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World Rugby takes back control from mega-rich clubs

LONDON, ENGLAND - OCTOBER 31: A general view of Twickenham stadium of the fireworks during the New Zealand All Blacks trophy presentation following the victory against Australia in the 2015 Rugby World Cup Final match between New Zealand and Australia at Twickenham Stadium on October 31, 2015 in London, United Kingdom. (Photo by Michael Steele/Getty Images)

World Rugby’s new proposal for a Nations Championship – pencilled in for 2022 – is a necessary development to grow the international game by providing context to otherwise meaningless cross-hemisphere friendlies. In addition, it will take back some of the power away from mega-rich clubs in England and France who for too long have dictated the state of play around the world.

After World Rugby met with chief executives and chairmen of the world’s unions in Dublin, where they promised a windfall of £5bn to the Six Nations, more coherent plans have been drawn for this cross-hemisphere championship.

By introducing a promotion and relegation structure, as well as expanding the Rugby Championship to six teams, World Rugby will allow smaller nations a chance to earn a seat at the big table of the sport.

However, not all are happy with this idea because the growth of the global game is not a universal ambition.

Leading French and English clubs have voiced their criticism of World Rugby’s plan. In a joint statement earlier this week, Premiership Rugby and the Ligue Nationale de Rugby (LNR), said their clubs believe that these proposals run roughshod over agreements signed with various stakeholders in San Francisco two years ago.

That agreement was meant to secure the international calendar until 2032 but the Nations Championship would now expand the Test window beyond its current confines. Premiership Rugby and LNR have also voiced concern about not being involved in the latest meetings.

“The professional leagues now seem to be excluded from this new work,” the statement said, that included the threat of legal action. World Rugby chairman Bill Beaumont outlined that clubs were not invited to yesterday’s meeting because the intention is to only involve them if the unions agree to the championship.

What these leagues have failed to acknowledge is their track record when it comes to playing ball with national unions and World Rugby. Faf de Klerk, South Africa’s talismanic scrumhalf, was embroiled in a tug of war between Sale Sharks and his national team last year and missed a Test against Scotland against Edinburgh.

This is just one example of many where national coaches in the south have had their hands tied after being strong armed by powerful European clubs. Equality can feel like oppression for those who have enjoyed the status quo. Now, club owners with deep pockets are coming to terms that money cannot buy all their troubles away.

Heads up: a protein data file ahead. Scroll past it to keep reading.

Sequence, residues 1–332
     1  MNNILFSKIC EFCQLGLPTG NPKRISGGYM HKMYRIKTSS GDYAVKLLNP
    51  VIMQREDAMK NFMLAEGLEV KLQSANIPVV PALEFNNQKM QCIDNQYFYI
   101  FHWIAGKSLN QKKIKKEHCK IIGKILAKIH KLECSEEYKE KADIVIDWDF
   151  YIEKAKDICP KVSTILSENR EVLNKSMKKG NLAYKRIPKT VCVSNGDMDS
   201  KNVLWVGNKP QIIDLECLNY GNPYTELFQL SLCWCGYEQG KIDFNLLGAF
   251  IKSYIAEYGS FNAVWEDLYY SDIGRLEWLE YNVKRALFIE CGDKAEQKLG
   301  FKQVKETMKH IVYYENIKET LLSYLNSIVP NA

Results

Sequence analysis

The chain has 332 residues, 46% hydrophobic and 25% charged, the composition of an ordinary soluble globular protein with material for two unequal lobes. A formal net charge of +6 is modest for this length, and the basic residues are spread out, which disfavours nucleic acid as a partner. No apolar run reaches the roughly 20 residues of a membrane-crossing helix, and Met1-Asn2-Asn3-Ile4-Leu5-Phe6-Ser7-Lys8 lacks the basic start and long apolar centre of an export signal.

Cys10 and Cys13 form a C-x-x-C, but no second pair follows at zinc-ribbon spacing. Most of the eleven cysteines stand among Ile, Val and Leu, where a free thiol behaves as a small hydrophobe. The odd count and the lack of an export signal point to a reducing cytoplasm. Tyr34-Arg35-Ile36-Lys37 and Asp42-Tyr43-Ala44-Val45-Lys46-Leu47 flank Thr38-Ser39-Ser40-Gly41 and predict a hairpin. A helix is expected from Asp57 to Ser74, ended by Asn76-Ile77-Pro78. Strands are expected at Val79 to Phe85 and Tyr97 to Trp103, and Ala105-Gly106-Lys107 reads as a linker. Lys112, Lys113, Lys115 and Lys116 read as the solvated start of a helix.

For too long the French league has served as a stark contradiction to the French national side. Racing and Toulon, packed with household names from a multitude of nations, have spent fortunes on players without significantly contributing towards the betterment of Les Bleus. 

Despite the club’s aprhensions, there is precedent for optimism in the Nations Championship. The European Nation League in football has confounded expectations and has seen a rise in stadium attendances as well as last minute goals – suggesting that players are committed now that there are repercussions to their performances.

The International Cricket Council has followed suit and will launch in July offers fans and players meaning to a Test schedule that has been allowed to meander for too long. 

South Africa Rugby CEO Jurie Roux outlined his support for the Nations Champions when he said: “Creating a meaningful season-long competition out of the current patchwork of events and tournaments has an obvious appeal as well as proving a clear development pathway for emerging nations, which speaks directly to one of the fundamental goals of World Rugby.”

He added: “It would also create potentially lucrative opportunities for the sport as well as a single point of purchase for existing and new broadcasting players.”

That last point is perhaps most pertinent. Rugby is a world game. It does not belong to handful of elite clubs. 

Daniel Gallan
A South African native, Daniel is interested in the blurred lines between sport and politics, class and culture. After graduating with a BA honours in journalism from the University of the Witwatersrand in Johannesburg he pursued a career in freelance sports reporting and feature writing. He also hosts South Africa's only cricket podcast Short Fine Legs. Over the years Daniel has contributed for various print and online publications such as Wisden, ESPN Cricket Monthly, Cricbuzz, the Mail & Guardian, SuperSport, SA Cricket Magazine, the Daily Maverick and others. He was the Content Director for CONQA Sport, a sports and business development organisation, where he published weekly features and hosted panel discussion with prominent athletes and sports practitioners. Now, working as the editor of the Sports Gazette, Daniel is passionate to bring his experience and enthusiasm to the UK. Follow him on Twitter @danielgallan
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